Saturday, December 3, 2022

Gov’t overhauls Internship program

The World University Service of Canada (WUSC) is expected to carry a complete overhaul of the Botswana’s internship program. The program coordinator, Boitshepo Bolele admitted to The Telegraph that the overhaul was necessitated by lack of improvement. The overhaul of the original Internship Program comes after six years.

The program was not effectively designed to tackle the embedded skills mismatch between graduates and the job market. Among the changes that Bolele highlighted is measuring the ratio of qualified staff members to interns so as to ensure that learning takes place; the level of entry specification, which is intended to ensure a meaningful internship experience and internal application for jobs so as to give interns an opportunity to secure permanent employment. Due to the fact that allowances of private sector internships are paid through the BOTA levy, the program compels the internship office to ensure that companies are also held accountable for skills development.

“We intend to make this program a success. This program is an agent of development and not a placement agency,” said Bolele.

The general observation has been that while the Internship Program focused on readying graduates for the world of work, it remained blind to the demands of the organizations that absorbed the graduates. Observers believe that on that note, the program provided a loop sided approach to skills development, which gives impetus to the concern that it did not in actual fact successfully monitor the effectiveness of graduates’ learning experience.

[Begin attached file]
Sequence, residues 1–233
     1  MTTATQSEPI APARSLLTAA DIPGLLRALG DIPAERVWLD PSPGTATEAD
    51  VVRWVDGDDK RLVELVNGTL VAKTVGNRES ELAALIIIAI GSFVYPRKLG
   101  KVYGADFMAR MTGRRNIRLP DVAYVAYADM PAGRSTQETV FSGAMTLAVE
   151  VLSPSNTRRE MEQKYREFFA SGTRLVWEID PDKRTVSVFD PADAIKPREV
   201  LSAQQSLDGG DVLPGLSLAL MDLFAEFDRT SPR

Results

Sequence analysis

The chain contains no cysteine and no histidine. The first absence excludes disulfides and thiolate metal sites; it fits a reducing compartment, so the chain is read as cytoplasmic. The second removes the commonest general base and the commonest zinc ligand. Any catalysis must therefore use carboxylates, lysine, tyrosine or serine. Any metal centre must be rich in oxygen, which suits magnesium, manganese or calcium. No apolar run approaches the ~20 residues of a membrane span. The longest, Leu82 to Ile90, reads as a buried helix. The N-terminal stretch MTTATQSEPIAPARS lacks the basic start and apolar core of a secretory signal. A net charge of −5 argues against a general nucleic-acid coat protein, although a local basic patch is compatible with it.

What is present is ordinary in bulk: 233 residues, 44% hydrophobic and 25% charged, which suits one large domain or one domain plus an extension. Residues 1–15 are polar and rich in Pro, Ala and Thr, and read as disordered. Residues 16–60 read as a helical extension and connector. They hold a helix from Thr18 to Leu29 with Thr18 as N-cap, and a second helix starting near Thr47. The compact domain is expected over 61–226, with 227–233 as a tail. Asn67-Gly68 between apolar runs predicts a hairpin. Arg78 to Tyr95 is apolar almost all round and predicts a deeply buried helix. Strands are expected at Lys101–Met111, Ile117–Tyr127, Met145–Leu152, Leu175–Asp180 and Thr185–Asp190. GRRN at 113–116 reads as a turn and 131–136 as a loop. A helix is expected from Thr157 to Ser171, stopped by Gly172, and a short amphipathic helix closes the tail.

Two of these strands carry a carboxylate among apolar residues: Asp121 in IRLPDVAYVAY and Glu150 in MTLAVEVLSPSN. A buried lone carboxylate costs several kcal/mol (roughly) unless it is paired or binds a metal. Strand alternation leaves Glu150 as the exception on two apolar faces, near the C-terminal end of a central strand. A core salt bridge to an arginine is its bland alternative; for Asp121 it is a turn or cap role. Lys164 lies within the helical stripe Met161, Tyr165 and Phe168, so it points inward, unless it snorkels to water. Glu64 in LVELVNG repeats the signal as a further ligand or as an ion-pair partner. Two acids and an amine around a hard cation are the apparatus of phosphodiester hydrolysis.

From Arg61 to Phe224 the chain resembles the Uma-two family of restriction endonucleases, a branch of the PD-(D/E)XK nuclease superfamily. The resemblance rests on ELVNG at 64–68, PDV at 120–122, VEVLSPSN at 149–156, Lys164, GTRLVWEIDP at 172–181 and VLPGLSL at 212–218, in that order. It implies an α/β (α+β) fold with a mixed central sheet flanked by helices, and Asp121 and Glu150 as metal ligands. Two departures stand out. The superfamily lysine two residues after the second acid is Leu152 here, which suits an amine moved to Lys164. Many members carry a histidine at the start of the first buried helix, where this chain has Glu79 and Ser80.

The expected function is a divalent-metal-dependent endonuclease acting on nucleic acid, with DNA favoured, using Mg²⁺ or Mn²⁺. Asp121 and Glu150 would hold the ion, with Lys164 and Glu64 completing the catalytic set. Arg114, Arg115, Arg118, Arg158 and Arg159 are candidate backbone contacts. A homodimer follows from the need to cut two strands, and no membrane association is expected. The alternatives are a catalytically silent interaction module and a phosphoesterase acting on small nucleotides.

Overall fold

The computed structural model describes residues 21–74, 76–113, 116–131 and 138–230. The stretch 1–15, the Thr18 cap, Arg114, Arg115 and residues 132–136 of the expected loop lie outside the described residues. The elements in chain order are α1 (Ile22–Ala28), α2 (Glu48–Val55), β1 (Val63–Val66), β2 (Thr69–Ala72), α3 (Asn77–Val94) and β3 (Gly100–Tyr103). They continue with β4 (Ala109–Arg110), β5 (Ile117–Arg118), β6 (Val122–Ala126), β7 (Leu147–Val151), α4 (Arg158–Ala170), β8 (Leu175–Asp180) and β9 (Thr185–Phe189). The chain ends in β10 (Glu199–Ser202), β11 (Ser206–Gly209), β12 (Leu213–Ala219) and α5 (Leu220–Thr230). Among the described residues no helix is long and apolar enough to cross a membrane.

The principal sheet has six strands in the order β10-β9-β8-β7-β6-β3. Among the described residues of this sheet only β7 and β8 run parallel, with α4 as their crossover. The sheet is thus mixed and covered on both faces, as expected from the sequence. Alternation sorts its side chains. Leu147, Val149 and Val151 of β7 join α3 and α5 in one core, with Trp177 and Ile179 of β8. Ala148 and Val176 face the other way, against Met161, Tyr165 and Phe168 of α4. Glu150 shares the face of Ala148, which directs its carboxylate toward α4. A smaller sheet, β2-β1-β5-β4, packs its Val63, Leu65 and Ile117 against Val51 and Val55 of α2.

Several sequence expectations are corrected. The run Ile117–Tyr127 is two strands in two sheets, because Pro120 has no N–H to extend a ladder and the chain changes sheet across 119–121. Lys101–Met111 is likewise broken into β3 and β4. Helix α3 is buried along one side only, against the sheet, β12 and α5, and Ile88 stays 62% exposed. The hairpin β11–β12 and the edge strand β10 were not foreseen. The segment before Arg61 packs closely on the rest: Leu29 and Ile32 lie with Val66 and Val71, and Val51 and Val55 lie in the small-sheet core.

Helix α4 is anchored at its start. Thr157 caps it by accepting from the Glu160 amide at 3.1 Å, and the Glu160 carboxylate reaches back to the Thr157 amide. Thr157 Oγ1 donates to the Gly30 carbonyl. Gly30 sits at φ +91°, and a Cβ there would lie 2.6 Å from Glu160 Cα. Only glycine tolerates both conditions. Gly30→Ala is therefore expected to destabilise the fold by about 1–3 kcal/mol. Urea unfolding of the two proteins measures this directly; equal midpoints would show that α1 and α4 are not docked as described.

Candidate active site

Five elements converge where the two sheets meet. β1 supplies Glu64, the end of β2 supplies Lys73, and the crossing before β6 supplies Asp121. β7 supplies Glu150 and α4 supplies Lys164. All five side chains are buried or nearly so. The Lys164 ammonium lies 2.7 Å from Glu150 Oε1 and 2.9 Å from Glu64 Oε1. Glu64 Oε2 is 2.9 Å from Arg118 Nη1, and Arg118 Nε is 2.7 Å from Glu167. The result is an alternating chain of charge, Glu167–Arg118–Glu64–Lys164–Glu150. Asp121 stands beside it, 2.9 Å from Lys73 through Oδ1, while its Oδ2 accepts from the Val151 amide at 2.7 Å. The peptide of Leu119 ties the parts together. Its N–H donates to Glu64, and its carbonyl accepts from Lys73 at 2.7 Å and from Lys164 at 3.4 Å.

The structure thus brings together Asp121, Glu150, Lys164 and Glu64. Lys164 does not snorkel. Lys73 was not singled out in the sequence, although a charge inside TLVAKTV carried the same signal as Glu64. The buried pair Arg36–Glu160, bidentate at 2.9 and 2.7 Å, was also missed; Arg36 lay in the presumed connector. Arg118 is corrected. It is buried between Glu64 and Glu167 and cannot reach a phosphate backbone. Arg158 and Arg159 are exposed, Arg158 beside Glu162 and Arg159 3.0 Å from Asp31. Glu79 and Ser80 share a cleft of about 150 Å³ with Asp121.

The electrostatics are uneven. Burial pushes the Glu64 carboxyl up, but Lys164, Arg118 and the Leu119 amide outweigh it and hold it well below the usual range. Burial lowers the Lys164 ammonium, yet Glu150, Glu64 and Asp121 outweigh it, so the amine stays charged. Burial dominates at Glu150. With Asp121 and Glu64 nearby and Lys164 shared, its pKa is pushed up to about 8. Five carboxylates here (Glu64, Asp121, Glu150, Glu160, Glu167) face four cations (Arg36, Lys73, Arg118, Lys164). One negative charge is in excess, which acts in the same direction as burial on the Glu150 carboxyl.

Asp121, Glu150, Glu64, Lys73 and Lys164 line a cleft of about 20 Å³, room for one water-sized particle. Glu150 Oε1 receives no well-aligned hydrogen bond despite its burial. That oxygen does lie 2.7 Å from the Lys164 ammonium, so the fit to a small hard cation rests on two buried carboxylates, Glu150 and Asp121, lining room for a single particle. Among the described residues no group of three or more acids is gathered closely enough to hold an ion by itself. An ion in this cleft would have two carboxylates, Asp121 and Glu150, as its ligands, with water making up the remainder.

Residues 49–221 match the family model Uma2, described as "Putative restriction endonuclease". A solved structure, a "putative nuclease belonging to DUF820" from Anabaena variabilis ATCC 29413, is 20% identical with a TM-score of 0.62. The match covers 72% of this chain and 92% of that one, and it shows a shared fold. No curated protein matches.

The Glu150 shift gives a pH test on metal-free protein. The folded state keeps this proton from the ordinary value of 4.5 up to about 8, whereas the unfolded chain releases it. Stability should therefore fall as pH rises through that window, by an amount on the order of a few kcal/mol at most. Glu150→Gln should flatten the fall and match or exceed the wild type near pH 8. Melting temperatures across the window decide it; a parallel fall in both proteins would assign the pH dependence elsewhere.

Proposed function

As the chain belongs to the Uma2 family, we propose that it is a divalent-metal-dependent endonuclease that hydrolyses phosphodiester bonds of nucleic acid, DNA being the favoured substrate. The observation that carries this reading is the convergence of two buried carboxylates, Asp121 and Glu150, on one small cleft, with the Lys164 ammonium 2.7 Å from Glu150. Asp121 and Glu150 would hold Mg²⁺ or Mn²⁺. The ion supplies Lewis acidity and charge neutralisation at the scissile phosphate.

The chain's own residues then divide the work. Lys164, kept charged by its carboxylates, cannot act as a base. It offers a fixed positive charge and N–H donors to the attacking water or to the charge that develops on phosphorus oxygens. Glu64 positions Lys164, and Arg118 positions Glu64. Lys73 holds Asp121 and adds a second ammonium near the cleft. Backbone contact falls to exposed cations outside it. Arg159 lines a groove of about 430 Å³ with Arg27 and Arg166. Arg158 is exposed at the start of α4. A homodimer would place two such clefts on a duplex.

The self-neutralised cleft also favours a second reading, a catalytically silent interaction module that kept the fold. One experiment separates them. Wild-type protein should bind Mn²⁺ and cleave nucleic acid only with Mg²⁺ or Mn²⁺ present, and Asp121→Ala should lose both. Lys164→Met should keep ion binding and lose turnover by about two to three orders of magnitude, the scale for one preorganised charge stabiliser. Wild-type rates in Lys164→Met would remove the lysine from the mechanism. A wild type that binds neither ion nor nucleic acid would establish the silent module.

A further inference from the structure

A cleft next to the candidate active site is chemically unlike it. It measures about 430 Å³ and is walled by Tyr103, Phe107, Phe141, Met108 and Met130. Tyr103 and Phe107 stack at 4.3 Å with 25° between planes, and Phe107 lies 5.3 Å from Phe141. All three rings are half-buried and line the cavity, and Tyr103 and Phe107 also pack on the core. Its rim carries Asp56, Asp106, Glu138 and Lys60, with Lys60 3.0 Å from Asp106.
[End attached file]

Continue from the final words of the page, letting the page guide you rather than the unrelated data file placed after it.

The former practice, according to Bolele, focused solely on obtaining information on interns, following which placement was done in response to the request by organizations. Bolele explained that all private sector companies were grouped in a single file which did not specify a detailed assessment of each company. In that regard, she said, the new system will track the performance of a particular company, compile its history as well as assess its needs. Bolele emphasized that the new system will take into consideration both the needs of interns and organizations.

Available labour market data shows that, given the exponential growth in graduates and the fact that education no longer equates to securing a job, there exists fierce competition among interns to be employed. Interns however often complain that organizations do not show any interest in offering a permanent post, which leads them to believing that their efforts are simply exploited. This as a result leads to interns leaving immediately when a job opportunity arises elsewhere, a situation that threatens the learning experience intended to take place.


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